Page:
The beach is a little to much hiking in my opinion, so I'm going to hire a push bike. The land around here is flat, the climate is cool, much cooler of late,  ideal for a bike ride. Just under £1 gets a reasonable cycle, good tyres and with fairly good brakes, but no puncture repair kit! Surprisingly, food the the hotel is the cheapest I've seen in Vietnam , so it's the good old fruit salad and yogurt, with a coffee here before heading off beach bound and vying for road space.

Out of town towards the village of Cua Dai, a 4 kilometre ride according to the map. Between the town and the village is an expanse of farmland, rice fields mainly with figures and conical hats dotted in the far distance. About 30 minutes to the beach, typically palms, cafes and loungers on the sand. Not many people around, a handful of tourists and a few locals. The sea is rough here, waves breaking quite away out and again crashing onto the shore. Mountainous islands loom on the horizon, but shrouded in haze and mist. Beach is clean, no garbage anywhere and probably to breezy for the flies, haven't  see any at all. A good spot to spend a couple of hours and not unreasonable prices either. Quite cold by 3pm so back on the bike and into the old town for another look around. Loads of tourists on bikes, queuing for boat rides and generally milling about.

Early night, early bus in the morning. Eating at a place for locals, couple of doors from the hotel. No signs indicating its a cafe, just that I noticed an open door and some Chinese cackling. Good noodle soup for 18,000 vnd. Hoi An is good for a couple of days stopover.   A few tours are available basically a bike ride down some lanes or walking tours around the town centred on the Japanese bridge. Further afield there is marble mountain to look at.

Hoi An February 9th 2012

The road to Hoi An

Bus rolls out of Nha Trang just after 7pm, but not before all the confusion is sorted out. The ticket count has issued seat numbers to some, but not everyone. I'l claim the middle seat, slightly less restrictive in leg room since I can dangle both sides if necessary. It's a sleeper bus so the lounger seats should recline in theory - some more than others, some not at all. Oh well, mines not too bad and with my inflatable pillow for added comfort I should be able to snatch a little sleep here and there. Should be in Hoi An by 6.30 next morning according to the ticket.  Couple of stops to exchange cargo and pick up locals.

The road to Hoi An is rough, the driver is in a hurry and likes to use the horn frequently. A full moon on the left provides enough light to see an outline of the mountainous terrain on the right that this road is snaking through. Some colourful language from the back as the driver continues to speed along the narrow bumpy road with ravines either side. An hour or so, and the terrain changes into lowlands and the road widens, but is still bumpy - it's bumpy all the way, not much sleep for anyone! A stop for refreshments and toilet at 11pm, but given my previous experiences on sleepers I have an empty bottle on standby.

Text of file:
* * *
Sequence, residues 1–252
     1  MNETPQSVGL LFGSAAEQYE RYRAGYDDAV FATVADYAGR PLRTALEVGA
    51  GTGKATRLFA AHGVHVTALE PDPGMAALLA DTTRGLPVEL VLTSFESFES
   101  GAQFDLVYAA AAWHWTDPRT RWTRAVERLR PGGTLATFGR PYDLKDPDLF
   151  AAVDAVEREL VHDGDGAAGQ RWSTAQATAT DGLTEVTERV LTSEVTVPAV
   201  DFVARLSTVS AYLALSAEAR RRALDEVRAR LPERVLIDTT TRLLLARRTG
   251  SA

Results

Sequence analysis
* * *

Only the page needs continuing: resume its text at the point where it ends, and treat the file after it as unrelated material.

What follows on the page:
Bus rolls into the Hoi An bus stand at dawn. It appears to be out of the main town area hence a collection of taxis and bikes milling around the entrance. A rather nice young lady touts a hotel room for $10, even has a taxi ready to take perspective customers to go and take a look - sounds good. It's quite a bit cooler here, cloudy too, but still warm enough to wear a tee shirt. Queuing up to get this room, going to have to wait until the current occupants check out. I can have a free coffee, then they bring me some tea, and I can tap away on the Internet whilst waiting.

A quick poke around the locality whilst waiting for the room. There is quite a charm about the place, as though time has passed it by.  Characterised by Chinese lanterns adorned on every door, lamp post and across the streets. narrow alleyways and no traffic, except the odd moped. This is the old town, small, quaint, quiet and preserved. It's part of the tourist trail on the way to Hanoi - the halfway stopover. A bustling market area fronts the river, mainly produce, a few ducks, chickens and lots of locals, alive and kicking. Ferry boats, engined and row variety ply the waterways, with makeshift landing areas by the market.

 This is clearly a tourist trap with tourist prices as far as eating is concerned. Quite expensive (from a Vietnamese perspective), close to Saigon prices and portions are just as small. Local, as opposed to tourist eating, seems limited in Hoi An but I did find a cafe that had coffee at 18000 dong, the average being 28,000 dong around this part of town. Quite a selection of street food heading away from old town but only being used by a few locals, risky for the tourist since most of that food would have been hanging around for a few hours. Top tip on eating street food - eat it only if you have to wait for a seat. Hoi An is famed for it,s textiles with many small Shops offering garments made to measure and within 24 hours. Prices are said to be reasonable too. The town has a couple of beaches, one for locals and one for tourists, that's an exploration for tomorrow, but right now I need to catch up on sleep.

Top tips on using open tour buses. A ride in a top lounger will be slightly less bumpy and closer to the air conditioning system.  The lounger just before the middle door, row 10, reclines the most since there is no restriction. People larger than 5 foot 8 would be better In a middle lounger since there can be space both sides for those big legs. Gents may like to take an empty bottle since the middle stairwell is ample space to do your business, especially at night. Ear plugs and an inflatable cushion will help with comfort on overnight trips. Getting off the bus at any point, take your stuff, that's just good practise anyway. Rows A to C run from right to left getting on at the front door.This applies to T. M. Brothers coaches, although I would imagine most of the others will be similar in operation.